Sam Moe

Night Tide Because it was cold in the surf and you went off on that dead shark, pissed about the morning when we tossed confetti like rocks, you had grass in your socks and you told me the field, in all its viridescent moodiness, was going to save your life. You didn’t even ask if I could save your life. I have this problem where I think if I just try a little harder, I can do it. I can protect you the way you need me to. I don’t know what that way is yet, but do you remember the day we bent like the oak trees and you had a salt cube under your tongue for the dizziness, and we were mimicking the way branches sometimes move in that way where you think to yourself, I’m not alone in this forest, all the ghosts of my past are here too, and each time they catch me starting to doubt they start shaking acorns loose and those are the days we sit at the table and we say what happened to us, without saying that stuff, we can name things like loss or ache or exhaustion. Half asleep on the patio

Luis Cuauhtémoc Berriozábal

37 After Jose Hernandez Diaz Jose, you have opened my eyes, with the poem about Nick, the quick, Van Exel. Why didn’t I ever think about writing a poem about that team I rooted for since my youth? Why not a poem about Eddie Jones, who was smooth and steady player? His number should have been hanging in the rafters, if not for Kobe Bryant joining the team. I would have loved to wear an Eddie Jones or a Nick Van Exel jersey, but I could not afford either. I watched those games on Channel 9 with Chick and Stu announcing. I could understand why Nick Van Exel was your favorite player. Come to think about it, he was my favorite player too. Drafted 37th, such a steal. He played with a chip on his shoulder for being dissed. He made his share of buzzer beaters to the cheers of the crowd. This poem is for you, Jose, for Nick, the quick, and for smooth Eddie. In this arena we practice our crossover, three-point shots, and behind the back passes.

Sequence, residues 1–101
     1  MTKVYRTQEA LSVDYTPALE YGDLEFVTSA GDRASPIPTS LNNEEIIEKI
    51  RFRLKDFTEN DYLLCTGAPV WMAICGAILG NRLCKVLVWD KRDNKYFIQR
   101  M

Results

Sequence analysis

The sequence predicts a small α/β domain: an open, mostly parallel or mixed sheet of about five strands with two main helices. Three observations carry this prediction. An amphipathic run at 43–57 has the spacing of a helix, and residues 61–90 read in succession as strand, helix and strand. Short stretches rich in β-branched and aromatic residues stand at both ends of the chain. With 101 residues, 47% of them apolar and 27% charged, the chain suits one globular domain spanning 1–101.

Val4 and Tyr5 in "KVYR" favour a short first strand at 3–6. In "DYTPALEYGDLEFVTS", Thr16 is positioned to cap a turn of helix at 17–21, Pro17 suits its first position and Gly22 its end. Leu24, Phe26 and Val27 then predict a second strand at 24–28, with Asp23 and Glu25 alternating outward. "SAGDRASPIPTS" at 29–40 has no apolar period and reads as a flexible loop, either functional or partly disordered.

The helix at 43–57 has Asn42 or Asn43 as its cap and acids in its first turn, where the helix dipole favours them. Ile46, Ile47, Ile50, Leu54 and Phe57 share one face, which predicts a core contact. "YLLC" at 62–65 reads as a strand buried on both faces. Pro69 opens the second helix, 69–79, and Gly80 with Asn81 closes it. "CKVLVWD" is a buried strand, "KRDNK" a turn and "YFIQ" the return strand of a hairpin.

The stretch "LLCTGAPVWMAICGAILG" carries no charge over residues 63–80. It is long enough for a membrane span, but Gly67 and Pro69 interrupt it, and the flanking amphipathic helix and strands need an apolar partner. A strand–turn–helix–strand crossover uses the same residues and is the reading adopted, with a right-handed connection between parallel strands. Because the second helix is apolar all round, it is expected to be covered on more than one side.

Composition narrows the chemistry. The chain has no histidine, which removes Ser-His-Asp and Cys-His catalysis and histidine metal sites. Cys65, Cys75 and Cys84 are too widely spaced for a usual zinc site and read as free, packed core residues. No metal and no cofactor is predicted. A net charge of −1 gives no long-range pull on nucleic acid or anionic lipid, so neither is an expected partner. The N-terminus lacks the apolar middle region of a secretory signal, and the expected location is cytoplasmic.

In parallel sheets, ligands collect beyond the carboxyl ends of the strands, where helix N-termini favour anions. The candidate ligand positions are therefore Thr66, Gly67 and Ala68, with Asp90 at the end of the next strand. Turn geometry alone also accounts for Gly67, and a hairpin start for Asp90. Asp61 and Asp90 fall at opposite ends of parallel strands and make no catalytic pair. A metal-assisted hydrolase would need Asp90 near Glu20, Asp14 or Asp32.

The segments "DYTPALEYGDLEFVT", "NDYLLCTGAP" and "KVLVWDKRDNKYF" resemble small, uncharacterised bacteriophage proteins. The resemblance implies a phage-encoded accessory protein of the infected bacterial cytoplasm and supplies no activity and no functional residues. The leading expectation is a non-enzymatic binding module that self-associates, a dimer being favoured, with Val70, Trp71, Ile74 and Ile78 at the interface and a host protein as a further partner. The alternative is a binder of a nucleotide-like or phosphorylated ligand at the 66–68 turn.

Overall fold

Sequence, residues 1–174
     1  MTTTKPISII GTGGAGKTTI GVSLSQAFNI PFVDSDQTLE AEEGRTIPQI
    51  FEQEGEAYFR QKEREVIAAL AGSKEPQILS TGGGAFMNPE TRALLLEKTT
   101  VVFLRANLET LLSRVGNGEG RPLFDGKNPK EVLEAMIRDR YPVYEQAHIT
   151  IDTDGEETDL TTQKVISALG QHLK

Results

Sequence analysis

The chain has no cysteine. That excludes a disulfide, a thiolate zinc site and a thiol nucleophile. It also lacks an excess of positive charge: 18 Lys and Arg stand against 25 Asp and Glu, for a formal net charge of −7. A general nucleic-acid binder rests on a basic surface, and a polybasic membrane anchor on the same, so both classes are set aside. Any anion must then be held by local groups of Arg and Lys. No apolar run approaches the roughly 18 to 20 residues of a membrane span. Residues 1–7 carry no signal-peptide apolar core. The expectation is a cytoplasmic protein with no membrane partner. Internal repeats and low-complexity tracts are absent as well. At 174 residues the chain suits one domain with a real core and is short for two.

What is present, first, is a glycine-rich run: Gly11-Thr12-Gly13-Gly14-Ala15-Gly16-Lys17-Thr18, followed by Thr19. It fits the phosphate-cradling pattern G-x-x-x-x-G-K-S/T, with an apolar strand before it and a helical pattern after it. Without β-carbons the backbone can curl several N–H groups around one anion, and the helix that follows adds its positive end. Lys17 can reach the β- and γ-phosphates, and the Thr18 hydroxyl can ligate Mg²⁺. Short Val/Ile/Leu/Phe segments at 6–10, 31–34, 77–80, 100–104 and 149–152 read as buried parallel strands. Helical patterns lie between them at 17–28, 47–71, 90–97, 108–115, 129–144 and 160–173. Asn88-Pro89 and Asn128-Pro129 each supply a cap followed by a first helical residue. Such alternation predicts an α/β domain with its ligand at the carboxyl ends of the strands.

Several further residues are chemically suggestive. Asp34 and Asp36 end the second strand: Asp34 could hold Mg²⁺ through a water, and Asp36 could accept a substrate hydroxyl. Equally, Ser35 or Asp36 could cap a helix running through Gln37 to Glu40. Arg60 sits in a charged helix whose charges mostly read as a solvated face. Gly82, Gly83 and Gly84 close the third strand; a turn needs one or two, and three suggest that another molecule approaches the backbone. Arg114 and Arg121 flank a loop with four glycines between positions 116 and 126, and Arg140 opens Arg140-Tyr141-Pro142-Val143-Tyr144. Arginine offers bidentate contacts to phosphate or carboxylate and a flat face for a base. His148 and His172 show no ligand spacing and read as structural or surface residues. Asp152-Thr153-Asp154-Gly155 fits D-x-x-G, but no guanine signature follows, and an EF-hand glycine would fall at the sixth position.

M.J. Arcangelini

Sometimes “sometimes I think I understand everything but I know I’m wrong” – Frank Stanford Age won’t deliver wisdom like a package To your door, followed by a photo e-mail To prove it had been left there, just in case Porch pirates beat you to picking it up. Wisdom seeps into your foundation like Moisture beading on cold cellar walls. It dangles off the ordinary like a frayed Thread hangs from a favorite sweater. Not the mere accumulation of years But a summoning from out of them. M.J.  Arcangelini , born in Pennsylvania in 1952, has resided in northern California since 1979. He has published in little magazines, online journals (including The James White Review, Rusty Truck, The Ekphrastic Review, The Gasconade Review, Trailer Park Quarterly, As It Ought To Be Magazine, and The Rye Whisky Review), & over a dozen anthologies.  He is the author of 6 published collections, the most recent of which is PAWNING MY SINS, 2022 (Luchador Press).